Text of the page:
### PROBLEM LINK:

### DIFFICULTY:

Medium

### PREREQUISITES:

Graph theory, Bipartite graphs, Maximum Matching

### PROBLEM:

You’re given an **N * M** grid. Some cells of the grid have a gun, some other have a

protector and others are empty. Two guns A and B can attack each other if both x

and y cordinates of **A** and **B** differ by exactly two units, however they’re

shielded if there is a protector between them. You’ve to find out how many more

guns can be added to the grid such that no two guns attack each other.

### QUICK EXPLANATION:

Create a graph where cells are vertices. Put an edge between two vertices if

they can attack each other. This is bipartite graph and we need to find out the

size of largest independent set which can be found using Koneig’s theorem. We

just need to find out the size of maximum matching.

### DETAILED EXPLANATION:

It is actually a fairly standard graph theory problem.

Let’s create a graph where each cell of the grid is a vertex. Some of these

vertices already have a gun / protector on them. Remove these vertices from the

graph. There are some other vertices which are currently empty but

on which one can’t place a gun because of the guns already placed in the grid.

Remove these vertices from the graph as well.

Now we’ve a graph where every vertex is currently empty and a gun can be placed

onto it. We’ve not decided the edge set of the graph yet! So let’s say there is

an edge between two vertices if guns placed on the corresponding cells of the

grid could attack each other.

Now we need to choose some of these vertices and put guns on them. Constraints

of problem tell us that we can’t choose two vertices which have an edge between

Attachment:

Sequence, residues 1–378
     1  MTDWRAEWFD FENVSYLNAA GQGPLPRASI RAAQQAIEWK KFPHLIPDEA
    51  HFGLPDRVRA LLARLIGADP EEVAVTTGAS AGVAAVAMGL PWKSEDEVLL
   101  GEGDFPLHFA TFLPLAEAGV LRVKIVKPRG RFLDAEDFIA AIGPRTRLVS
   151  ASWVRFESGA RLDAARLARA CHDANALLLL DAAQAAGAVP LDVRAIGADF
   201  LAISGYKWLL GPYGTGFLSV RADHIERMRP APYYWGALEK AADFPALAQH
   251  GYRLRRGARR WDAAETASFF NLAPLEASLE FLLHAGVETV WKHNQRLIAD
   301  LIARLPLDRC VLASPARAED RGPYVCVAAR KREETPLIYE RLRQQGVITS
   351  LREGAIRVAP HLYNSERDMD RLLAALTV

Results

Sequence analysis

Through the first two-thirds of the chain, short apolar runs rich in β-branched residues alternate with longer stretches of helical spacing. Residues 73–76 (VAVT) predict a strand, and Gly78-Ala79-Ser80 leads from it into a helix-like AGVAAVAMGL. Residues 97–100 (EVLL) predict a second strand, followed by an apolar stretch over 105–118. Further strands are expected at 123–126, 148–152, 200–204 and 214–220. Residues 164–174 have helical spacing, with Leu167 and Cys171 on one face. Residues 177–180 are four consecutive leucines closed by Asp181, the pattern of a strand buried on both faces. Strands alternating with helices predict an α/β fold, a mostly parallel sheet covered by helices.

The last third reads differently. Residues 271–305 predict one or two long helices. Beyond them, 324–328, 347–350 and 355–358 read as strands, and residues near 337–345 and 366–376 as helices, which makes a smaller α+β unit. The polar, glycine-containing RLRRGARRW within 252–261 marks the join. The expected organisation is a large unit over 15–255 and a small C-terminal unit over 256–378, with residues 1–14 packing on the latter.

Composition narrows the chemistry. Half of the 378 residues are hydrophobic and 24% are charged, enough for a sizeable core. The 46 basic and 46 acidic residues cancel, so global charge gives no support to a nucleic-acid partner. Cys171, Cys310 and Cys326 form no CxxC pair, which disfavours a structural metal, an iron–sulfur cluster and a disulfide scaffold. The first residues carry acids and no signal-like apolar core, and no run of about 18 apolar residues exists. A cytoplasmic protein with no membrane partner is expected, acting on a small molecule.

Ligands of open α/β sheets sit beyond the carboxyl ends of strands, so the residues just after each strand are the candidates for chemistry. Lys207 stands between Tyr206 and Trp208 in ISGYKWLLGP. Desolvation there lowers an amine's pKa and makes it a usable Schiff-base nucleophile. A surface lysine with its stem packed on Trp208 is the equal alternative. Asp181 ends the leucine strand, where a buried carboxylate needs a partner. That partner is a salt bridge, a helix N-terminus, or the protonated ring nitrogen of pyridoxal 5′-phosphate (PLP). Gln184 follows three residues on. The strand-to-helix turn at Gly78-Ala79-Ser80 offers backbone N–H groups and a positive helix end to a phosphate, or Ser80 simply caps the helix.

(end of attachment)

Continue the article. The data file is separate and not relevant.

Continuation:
them. So the set of vertices we choose must be an independent set. Moreover, as

problem asks us to place the largest possible number of guns, we need to find

the largest possible independent set.

Now finding out largest independent set in a general graph is NP complete. So

there must be some structure to this graph that we’re missing. Actually if you

look more carefully, this graph is a bipartite graph. One of the possible

partitions is as follows :

Call all those cells as left side which are in (4k+1 and 4k+2) columns and call

remaining cells as right side. It is easy to see that this is a valid

bipartition - there is no edge between vertices of the same side.

Now we’ve a bipartite graph and we need to find the size of the largest

independent set in this graph. By Koneig’s theorem, size of the largest

independent set is equal to the size of the largest matching in the graph.

Maximum matching can be found be using any matching/flow algorithm. In

particular, as the graph size is huge, we would need a fast matching algorithm.

You could take a look at the setter solution for Hopcroft Karp algorithm.

There is an optimisation that one could do - notice that the graph is

disconnected. Classify the points on the basis of parity of their x and y

cordinates. Four different classes are (even, even), (even, odd), (odd, even)

and (odd, odd). These are four disconnections of the graph and each of these is

bipartite. So you could as well solve each of these seperately. This would save

both some memory and time for you.

**Bonus problem :** What would be the solution if we’re also allowed to place

protectors on the empty cells? I don’t have a solution for it yet. If you do,

please share it here

### SETTER’S SOLUTION:

Can be found here.

### TESTER’S SOLUTION:

Can be found here.